“I think of myself as an analyst and a communicator,” Dooley said. “As an analyst, I always want to understand the science: What are the facts? What are the goals? And I think you usually find a path forward from there.”
And as a communicator, she said, “I want to understand who needs to participate, what their language is, what their needs are, and what I can do to translate for them, to turn that into action.”
The first step, Dooley said, is to gather information — particularly the details about the programs most at-risk of possible budget cuts, she said. “We need to make sure we don’t impact essential services,” she said.
“I’m not there yet. I need to do a top-to-bottom evaluation, and from there you can see where are the seeds to grow.”
That doesn’t mean redoing everything, she said. “I respect the path that others have followed; they’ve worked hard and well. I’m not asking for everyone’s resignation on Jan. 3. We need to do what we can to stabilize everything, and move on from there.”
It has been a circuitous path to becoming the head of the state’s Health and Human Services department — a long walk from the small Central Valley town of Hanford, where Dooley (nÃ©e Diana Stone) grew up.
“I’ve stayed pretty close to everyone there,” she said. That’s one reason she moved back to the Central Valley after leaving Sacramento, she said.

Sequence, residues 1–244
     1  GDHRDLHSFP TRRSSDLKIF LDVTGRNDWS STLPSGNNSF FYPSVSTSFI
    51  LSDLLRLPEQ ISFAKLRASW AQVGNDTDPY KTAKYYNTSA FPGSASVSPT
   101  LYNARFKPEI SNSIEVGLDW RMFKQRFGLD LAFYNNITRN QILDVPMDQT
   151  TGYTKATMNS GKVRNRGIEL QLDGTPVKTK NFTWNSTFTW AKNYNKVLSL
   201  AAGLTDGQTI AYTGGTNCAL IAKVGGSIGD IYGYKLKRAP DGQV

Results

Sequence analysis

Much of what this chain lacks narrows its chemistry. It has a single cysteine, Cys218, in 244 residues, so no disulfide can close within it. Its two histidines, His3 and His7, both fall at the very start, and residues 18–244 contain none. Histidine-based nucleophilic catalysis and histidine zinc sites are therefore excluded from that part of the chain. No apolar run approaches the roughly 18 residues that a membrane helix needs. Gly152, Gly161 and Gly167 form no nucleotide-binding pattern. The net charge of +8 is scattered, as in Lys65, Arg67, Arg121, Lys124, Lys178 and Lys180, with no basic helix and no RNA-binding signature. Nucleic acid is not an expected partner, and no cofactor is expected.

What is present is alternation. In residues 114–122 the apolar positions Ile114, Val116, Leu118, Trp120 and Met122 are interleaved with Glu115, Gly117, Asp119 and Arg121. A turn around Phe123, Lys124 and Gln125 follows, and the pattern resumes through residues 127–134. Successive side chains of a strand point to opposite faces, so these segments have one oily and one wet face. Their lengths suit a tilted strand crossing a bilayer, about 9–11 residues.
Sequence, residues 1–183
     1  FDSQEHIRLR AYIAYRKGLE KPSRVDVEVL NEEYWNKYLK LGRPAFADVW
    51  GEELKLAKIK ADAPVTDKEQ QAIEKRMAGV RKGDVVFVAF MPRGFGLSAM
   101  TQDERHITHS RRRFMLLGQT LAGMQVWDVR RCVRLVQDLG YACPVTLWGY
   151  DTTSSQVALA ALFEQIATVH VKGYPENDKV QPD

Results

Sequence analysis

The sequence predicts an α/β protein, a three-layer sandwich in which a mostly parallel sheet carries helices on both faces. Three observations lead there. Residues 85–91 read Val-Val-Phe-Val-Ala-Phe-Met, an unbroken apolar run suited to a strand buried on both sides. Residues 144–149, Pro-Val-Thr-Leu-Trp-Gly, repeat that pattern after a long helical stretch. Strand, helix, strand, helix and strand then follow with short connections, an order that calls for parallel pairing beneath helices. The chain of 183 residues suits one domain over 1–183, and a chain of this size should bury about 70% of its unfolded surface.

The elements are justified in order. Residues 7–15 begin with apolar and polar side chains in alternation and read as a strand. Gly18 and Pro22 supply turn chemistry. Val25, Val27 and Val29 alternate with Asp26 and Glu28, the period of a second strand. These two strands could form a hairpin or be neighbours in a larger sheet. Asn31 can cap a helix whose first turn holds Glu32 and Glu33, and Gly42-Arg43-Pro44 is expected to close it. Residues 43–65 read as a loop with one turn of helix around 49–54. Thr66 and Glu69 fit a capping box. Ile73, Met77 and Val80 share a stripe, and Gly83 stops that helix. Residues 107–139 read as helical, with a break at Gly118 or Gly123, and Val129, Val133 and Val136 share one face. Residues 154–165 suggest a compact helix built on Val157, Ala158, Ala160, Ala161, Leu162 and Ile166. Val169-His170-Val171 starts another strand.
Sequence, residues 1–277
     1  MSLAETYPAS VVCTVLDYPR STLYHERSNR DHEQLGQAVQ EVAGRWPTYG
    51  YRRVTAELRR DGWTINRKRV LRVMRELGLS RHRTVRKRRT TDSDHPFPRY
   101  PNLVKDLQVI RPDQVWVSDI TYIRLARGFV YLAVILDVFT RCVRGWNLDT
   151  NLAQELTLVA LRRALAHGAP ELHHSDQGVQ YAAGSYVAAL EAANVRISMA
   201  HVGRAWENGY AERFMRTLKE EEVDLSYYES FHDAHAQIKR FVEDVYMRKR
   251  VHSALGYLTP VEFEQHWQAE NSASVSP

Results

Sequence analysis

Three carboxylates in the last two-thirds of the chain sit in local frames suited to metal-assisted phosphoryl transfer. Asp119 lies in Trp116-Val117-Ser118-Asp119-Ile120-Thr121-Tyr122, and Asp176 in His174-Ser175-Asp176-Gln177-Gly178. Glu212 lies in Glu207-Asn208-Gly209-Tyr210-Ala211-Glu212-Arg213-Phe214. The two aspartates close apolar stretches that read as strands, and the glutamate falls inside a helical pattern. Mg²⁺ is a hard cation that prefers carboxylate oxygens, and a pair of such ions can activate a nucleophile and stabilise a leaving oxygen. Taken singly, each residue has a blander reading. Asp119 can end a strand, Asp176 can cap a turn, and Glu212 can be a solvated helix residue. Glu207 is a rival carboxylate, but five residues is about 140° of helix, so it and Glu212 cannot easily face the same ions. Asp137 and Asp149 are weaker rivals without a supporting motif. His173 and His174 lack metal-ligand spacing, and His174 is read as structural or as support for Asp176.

“It’s funny,” Dooley said. “Back home, someone just said to me â¦’Don’t forget the little people.’ And I said, ‘Are you kidding me? I am a little people!'”
Issues on the Horizon
Health care presents some interesting challenges, in part because of the system’s structure, Dooley said.
“We have this triangle between the payor, the consumer and the provider,” she said, “and you don’t really have a direct relationship between them.” That is, the patient doesn’t directly pay the provider, but instead pays insurance, and the insurer is managing risk rather than directly buying health care.
“I call it a false market,” Dooley said. “The laws of supply and demand don’t work in the same way.”
The insurer system is intricate and always shifting balance back and forth, she said. “The big criticism of national health care reform is that it’s massively complicated,” she said. “But I feel the system itself is overly complex.”